Trace conditioning with probabilistic rewards. (a) An illustration of one trial of the delay conditioning task of Fiorillo et al. [15]. A trial consists of a 2-second visual stimulus, the offset of which coincides with the delivery of the juice reward, if such a reward is programmed according to the probability associated with the visual cue. In unrewarded trials the stimulus terminated without a reward. In both cases an inter-trial interval of 9 seconds on average separates trials. (b) An illustration of one trial of the trace conditioning task of Morris et al. [16]. The crucial difference is that there is now a substantial temporal delay between the offset of the stimulus and the onset of the reward (the "trace" period), and no external stimulus indicates the expected time of reward. This confers additional uncertainty as precise timing of the predicted reward must be internally resolved, especially in unrewarded trials. In this task, as in [15], one of several visual stimuli (not shown) was presented in each trial, and each stimulus was associated with a probability of reward. Here, also, the monkey was requested to perform an instrumental response (pressing the key corresponding to the side in which the stimulus was presented), the failure of which terminated the trial without a reward. Trials were separated by variable inter-trial intervals. (c,d) DA firing rate (smoothed) relative to baseline, around the expected time of the reward, in rewarded trials (c) and in unrewarded trials (d). (c,d) Reprinted from [16] ©2004 with permission from Elsevier. The traces imply an overall positive response at the expected time of the reward, but with a very small, or no ramp preceding this. Similar results were obtained in a classical conditioning task briefly described in [15], which employed a trace conditioning procedure, confirming that the trace period, and not the instrumental nature of the task depicted in (b) was the crucial difference from (a).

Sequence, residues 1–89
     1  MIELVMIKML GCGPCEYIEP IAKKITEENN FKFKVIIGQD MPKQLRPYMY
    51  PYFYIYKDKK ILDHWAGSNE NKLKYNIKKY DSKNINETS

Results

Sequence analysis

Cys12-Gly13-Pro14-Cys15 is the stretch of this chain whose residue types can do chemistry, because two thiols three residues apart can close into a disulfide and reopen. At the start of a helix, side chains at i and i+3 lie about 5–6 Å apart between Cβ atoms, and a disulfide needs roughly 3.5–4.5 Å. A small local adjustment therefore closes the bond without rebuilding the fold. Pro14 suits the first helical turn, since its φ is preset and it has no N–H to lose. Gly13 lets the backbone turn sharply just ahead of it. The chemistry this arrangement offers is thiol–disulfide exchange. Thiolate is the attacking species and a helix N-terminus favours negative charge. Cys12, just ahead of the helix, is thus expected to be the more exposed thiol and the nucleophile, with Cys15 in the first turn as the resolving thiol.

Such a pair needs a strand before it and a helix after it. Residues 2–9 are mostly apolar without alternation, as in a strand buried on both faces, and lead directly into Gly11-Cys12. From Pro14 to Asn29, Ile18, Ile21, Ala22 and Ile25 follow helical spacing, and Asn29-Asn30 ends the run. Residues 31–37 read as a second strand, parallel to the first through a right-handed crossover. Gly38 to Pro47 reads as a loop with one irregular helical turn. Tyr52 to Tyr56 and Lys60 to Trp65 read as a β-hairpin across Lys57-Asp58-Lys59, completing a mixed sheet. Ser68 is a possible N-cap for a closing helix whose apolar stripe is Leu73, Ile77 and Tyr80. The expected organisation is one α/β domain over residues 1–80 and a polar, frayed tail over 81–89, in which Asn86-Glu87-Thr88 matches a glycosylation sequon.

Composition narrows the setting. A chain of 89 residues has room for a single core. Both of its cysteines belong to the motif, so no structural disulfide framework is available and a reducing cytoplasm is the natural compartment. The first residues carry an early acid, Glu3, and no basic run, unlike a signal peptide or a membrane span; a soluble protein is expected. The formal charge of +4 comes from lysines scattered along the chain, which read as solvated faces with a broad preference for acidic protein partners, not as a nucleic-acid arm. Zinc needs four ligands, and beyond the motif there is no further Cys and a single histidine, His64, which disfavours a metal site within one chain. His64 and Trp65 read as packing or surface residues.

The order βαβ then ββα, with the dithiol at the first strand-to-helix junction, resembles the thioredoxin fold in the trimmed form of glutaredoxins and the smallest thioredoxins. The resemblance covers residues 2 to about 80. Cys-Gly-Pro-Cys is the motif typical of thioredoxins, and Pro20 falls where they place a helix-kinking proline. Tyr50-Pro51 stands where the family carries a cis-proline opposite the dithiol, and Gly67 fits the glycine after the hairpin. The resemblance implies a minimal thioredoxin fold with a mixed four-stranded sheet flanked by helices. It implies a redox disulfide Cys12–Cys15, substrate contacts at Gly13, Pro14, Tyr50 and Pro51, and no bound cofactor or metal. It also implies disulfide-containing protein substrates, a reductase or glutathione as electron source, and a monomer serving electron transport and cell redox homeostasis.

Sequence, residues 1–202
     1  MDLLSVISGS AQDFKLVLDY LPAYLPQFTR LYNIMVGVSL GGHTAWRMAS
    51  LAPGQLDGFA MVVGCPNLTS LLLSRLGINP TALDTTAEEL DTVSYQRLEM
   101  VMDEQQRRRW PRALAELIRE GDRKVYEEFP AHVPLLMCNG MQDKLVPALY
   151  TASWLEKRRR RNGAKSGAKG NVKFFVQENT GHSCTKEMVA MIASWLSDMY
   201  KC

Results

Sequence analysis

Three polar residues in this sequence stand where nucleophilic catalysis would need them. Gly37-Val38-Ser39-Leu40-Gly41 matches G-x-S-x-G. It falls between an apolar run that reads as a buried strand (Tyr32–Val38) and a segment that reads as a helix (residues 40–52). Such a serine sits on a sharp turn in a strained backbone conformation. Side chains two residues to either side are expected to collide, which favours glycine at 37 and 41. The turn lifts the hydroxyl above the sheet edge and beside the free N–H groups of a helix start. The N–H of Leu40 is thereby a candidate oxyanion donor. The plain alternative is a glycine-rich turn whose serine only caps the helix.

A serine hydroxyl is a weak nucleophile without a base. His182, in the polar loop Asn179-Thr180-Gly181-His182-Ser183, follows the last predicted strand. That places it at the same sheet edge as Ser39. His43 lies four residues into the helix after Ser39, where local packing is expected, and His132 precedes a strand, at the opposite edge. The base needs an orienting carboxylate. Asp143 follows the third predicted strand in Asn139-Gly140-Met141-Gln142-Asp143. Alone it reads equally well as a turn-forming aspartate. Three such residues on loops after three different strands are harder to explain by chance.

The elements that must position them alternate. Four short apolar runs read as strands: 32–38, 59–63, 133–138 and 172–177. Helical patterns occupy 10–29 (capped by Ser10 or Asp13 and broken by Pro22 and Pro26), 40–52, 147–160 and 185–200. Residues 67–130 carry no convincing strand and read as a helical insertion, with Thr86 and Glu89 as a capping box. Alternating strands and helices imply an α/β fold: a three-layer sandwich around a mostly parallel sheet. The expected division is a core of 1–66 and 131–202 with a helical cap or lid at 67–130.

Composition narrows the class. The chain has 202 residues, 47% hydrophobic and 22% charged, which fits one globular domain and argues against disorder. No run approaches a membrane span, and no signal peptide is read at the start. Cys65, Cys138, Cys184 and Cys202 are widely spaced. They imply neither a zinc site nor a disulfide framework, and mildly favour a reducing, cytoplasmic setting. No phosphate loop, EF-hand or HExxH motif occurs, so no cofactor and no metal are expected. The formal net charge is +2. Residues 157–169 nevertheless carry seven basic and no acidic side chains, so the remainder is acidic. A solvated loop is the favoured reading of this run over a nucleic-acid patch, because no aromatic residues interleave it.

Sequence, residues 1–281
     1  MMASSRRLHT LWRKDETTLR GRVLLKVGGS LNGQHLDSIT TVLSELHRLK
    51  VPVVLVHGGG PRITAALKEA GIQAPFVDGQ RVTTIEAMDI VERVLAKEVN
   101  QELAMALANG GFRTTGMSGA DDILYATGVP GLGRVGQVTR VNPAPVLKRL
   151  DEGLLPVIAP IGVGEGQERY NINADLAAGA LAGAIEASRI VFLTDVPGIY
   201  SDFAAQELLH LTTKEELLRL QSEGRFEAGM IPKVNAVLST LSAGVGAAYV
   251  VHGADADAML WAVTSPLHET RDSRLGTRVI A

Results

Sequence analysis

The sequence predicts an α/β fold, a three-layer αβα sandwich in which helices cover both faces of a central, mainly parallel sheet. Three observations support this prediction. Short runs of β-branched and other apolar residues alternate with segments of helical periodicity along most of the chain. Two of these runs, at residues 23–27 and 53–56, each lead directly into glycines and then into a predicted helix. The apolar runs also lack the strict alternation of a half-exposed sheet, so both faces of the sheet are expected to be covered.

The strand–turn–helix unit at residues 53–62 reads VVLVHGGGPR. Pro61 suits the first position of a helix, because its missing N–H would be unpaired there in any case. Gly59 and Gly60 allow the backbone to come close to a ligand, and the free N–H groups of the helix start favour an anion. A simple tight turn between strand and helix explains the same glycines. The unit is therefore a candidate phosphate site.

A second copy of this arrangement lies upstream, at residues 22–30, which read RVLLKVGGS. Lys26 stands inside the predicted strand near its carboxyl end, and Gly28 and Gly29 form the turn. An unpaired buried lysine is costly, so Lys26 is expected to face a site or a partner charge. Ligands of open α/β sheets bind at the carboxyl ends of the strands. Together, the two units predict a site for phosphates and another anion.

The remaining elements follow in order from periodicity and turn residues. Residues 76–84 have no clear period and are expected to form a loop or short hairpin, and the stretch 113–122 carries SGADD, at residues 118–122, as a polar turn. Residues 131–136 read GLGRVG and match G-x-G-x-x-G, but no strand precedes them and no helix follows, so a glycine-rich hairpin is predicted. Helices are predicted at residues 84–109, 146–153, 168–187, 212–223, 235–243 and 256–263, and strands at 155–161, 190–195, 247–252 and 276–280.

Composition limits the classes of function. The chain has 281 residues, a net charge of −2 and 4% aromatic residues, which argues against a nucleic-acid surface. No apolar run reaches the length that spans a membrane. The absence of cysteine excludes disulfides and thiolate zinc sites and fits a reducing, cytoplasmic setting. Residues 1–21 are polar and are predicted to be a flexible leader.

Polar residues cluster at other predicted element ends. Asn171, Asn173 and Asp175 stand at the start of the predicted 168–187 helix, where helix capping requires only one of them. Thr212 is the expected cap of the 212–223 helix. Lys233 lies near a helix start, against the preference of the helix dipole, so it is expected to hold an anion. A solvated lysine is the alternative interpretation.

© Copyright Policy - open-access
Related In: Results  -  Collection

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Figure 3: Trace conditioning with probabilistic rewards. (a) An illustration of one trial of the delay conditioning task of Fiorillo et al. [15]. A trial consists of a 2-second visual stimulus, the offset of which coincides with the delivery of the juice reward, if such a reward is programmed according to the probability associated with the visual cue. In unrewarded trials the stimulus terminated without a reward. In both cases an inter-trial interval of 9 seconds on average separates trials. (b) An illustration of one trial of the trace conditioning task of Morris et al. [16]. The crucial difference is that there is now a substantial temporal delay between the offset of the stimulus and the onset of the reward (the "trace" period), and no external stimulus indicates the expected time of reward. This confers additional uncertainty as precise timing of the predicted reward must be internally resolved, especially in unrewarded trials. In this task, as in [15], one of several visual stimuli (not shown) was presented in each trial, and each stimulus was associated with a probability of reward. Here, also, the monkey was requested to perform an instrumental response (pressing the key corresponding to the side in which the stimulus was presented), the failure of which terminated the trial without a reward. Trials were separated by variable inter-trial intervals. (c,d) DA firing rate (smoothed) relative to baseline, around the expected time of the reward, in rewarded trials (c) and in unrewarded trials (d). (c,d) Reprinted from [16] ©2004 with permission from Elsevier. The traces imply an overall positive response at the expected time of the reward, but with a very small, or no ramp preceding this. Similar results were obtained in a classical conditioning task briefly described in [15], which employed a trace conditioning procedure, confirming that the trace period, and not the instrumental nature of the task depicted in (b) was the crucial difference from (a).